As a religion professor, I spend my days talking—out loud and on paper—about the really big questions of life. My conversation partners, whether they are students, church members, friends, or family, are living those questions, sorting through inheritances, exploring the gaps, striving to be faithful to what they believe to be true. This profession of mine affords me the privilege of getting to talk about God in ways that are always informed by the questions, claims and wagers of others.
Then cancer came along and interrupted the conversation.
As an expert talker, I suddenly was no expert at all. A novice with a cancer story different from any other I knew. Breast cancer was the diagnosis, but my narrative didn't include finding a lump, removing a breast or losing any hair. A broken back triggered the stage IV cancer diagnosis and a lousy prognosis: five years out, 80 percent of those who have what I have are dead. My lack of expertise, unfamiliarity with the journey, and fear of what lay ahead conspired against me. Cancer left me tongue-tied, groping for words.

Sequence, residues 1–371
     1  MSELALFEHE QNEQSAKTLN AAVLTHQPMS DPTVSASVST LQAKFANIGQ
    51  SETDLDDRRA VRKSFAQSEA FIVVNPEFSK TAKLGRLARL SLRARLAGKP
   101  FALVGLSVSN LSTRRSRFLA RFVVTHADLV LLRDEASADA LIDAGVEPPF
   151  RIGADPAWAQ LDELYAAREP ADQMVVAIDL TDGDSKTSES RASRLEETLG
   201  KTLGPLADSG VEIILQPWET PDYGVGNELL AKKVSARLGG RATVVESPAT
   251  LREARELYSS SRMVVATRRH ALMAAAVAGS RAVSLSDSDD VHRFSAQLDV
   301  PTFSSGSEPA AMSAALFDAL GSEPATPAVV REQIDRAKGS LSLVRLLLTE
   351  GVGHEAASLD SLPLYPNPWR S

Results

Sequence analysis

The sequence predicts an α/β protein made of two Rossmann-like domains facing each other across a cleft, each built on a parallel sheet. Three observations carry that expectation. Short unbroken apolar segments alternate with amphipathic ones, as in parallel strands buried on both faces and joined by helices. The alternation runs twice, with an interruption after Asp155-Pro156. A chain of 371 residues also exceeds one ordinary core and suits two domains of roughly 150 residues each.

I sought out words from others more familiar with cancer than I. In one cancer memoir I read, the author writes about the scene in the exam room after she learns she has breast cancer. She looks at the doctor through her tears and whispers, "I'm sorry. I just don't know how to have cancer." The doctor puts his hand on her shoulder and says, "None of us knows how to have cancer."
Even the cancer experts don't know how to talk about cancer.
It's a humble and humbling claim, one I seek comfort in, both in terms of my own bewilderment over how to cope with cancer in my own life and in the lives of others, as well as the challenge of how to deal with those who ...1
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